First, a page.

Updated: July 27, 2021 09:32 AM
Created: July 26, 2021 08:40 PM
ALBUQUERQUE, N.M. - The state's Public Education Department released the much anticipated guideline toolkit for local schools this upcoming year – but with it comes new challenges for districts and a short amount of time to overcome them.
“We finally got the toolkit we've been looking for, the toolkit since the first of the summer and we finally got it," said RRPS Superintendent Dr. Sue Cleveland.
Just days before metro students and teachers return to classrooms, more than 20 pages of COVID rules for the new year dropped on superintendents' desks Monday.
For elementary schools:
All students, staff and volunteers will have to wear masks indoors and on school buses. No one will have to wear a mask outside.
For middle and high schools:
Students, staff, and volunteers who are fully vaccinated, and provide that documentation, do not have to wear masks indoors.
Anyone unvaccinated will have to mask up, along with those who don't want to provide their vaccine documentation. Schools will also have to build a system to identify those verified as fully vaccinated.
Some of the biggest districts have just days to come up with a plan to implement all these guidelines.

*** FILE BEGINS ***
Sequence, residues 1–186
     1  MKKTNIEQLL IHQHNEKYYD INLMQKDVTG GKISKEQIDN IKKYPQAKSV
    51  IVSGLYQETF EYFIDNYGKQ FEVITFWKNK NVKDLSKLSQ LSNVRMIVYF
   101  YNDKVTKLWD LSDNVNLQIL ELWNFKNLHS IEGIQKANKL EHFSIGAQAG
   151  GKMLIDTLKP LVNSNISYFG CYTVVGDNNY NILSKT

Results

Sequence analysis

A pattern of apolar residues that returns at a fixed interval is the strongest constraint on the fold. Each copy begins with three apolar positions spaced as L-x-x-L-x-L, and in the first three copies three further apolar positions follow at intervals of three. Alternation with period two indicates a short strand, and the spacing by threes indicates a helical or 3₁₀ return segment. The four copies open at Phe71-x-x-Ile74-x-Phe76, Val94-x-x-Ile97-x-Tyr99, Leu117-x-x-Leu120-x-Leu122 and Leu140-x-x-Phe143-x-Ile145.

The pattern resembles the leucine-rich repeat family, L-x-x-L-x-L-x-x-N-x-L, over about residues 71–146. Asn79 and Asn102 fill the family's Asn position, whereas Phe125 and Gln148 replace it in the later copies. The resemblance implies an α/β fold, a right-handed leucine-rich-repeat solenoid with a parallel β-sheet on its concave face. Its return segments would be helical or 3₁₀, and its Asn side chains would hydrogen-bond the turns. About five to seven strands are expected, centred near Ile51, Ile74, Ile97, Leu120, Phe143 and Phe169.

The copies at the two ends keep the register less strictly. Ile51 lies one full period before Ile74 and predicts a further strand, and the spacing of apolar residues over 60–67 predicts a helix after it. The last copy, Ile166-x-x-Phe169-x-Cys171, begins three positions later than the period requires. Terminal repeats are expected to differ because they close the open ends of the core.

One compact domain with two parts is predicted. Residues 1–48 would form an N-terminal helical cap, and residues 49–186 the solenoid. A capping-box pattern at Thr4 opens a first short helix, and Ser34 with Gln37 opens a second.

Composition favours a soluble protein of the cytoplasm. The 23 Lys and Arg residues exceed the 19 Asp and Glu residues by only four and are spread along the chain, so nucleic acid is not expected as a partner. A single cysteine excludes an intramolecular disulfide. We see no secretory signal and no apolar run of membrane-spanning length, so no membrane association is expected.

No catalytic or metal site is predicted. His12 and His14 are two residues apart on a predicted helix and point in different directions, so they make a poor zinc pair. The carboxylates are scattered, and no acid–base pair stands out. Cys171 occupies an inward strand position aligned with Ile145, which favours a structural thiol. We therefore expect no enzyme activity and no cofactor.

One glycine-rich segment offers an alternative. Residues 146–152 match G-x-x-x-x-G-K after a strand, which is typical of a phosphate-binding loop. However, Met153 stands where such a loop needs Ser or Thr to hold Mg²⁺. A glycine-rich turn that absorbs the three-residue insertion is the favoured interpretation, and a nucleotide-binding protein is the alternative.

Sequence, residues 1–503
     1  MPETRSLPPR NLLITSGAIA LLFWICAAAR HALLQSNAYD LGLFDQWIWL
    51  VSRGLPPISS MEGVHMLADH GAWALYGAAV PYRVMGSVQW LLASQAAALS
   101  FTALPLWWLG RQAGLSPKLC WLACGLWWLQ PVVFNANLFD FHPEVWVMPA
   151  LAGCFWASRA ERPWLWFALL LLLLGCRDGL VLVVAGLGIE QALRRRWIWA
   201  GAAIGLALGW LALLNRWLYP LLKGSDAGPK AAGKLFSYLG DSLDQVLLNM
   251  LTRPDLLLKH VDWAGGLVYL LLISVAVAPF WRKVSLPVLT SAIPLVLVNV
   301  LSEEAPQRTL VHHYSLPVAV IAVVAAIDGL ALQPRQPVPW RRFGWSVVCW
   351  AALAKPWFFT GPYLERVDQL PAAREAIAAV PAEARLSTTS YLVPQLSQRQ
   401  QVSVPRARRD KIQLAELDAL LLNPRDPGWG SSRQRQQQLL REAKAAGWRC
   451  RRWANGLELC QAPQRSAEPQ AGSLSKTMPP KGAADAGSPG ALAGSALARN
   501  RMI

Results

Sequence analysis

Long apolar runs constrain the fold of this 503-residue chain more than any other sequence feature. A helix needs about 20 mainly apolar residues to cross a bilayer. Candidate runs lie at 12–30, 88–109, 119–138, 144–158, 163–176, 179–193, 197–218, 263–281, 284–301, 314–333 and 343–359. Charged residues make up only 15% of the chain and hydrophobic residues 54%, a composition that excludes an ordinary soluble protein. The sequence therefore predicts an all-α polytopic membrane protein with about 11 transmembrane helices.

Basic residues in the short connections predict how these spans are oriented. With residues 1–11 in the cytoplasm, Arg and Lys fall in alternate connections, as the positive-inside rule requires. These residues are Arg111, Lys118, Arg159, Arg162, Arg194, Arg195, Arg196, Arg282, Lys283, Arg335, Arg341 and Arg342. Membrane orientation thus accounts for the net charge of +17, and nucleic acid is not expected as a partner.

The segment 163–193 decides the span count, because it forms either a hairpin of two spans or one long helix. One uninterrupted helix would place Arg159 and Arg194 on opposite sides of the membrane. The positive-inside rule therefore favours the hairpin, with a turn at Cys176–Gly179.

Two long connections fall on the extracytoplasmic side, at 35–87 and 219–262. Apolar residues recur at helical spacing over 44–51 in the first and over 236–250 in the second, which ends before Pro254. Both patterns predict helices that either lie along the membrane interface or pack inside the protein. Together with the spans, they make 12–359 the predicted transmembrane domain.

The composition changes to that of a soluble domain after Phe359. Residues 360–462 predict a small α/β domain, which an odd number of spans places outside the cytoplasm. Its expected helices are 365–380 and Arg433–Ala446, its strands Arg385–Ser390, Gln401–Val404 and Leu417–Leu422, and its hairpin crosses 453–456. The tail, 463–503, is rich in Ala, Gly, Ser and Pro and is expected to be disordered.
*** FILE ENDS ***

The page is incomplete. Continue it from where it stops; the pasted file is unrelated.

First, districts have to come up with a system for families or teachers to provide those vaccination documents. Then students will have to visibly show – at all times – they're fully vaccinated so they don't have to wear masks.
“It's a little bit frustrating that we're opening in a week and got the toolkit at noon today. But we do have it, we are glad to have it," Cleveland said.
Districts will also have to adopt and enforce these rules, or just require masks for everyone. But keep in mind, all these guidelines could change – if the state keeps seeing spikes in COVID cases.
Cleveland said she worries it could put them in a tough spot in proving who has been vaccinated, as well as privacy concerns.
“The biggest concern we do have is the enforcement of that and what that will look like and one of the things the toolkit said is ‘evidence of vaccination must be visible at all times’ so I'm trying to figure out what that would look like,” she said. “Concerns over privacy as well as trying to meet this mandate and those seem to be polar opposites at, so that's something that were going to have to look at, and also our hope is our staff especially our teachers who spend their time teaching rather that policing masks."
The district said a "good number" of families switched to remote learning because of those guidelines released Monday.
The Rio Rancho Public School’s attorneys said the guidelines are safe to enforce. But there are concerns about money as students stay at home.
A NMPED representative said if a student were to test positive, full classes won't be asked to quarantine anymore.
Plastic barriers, or tape will not be required and kids can also share gym equipment.
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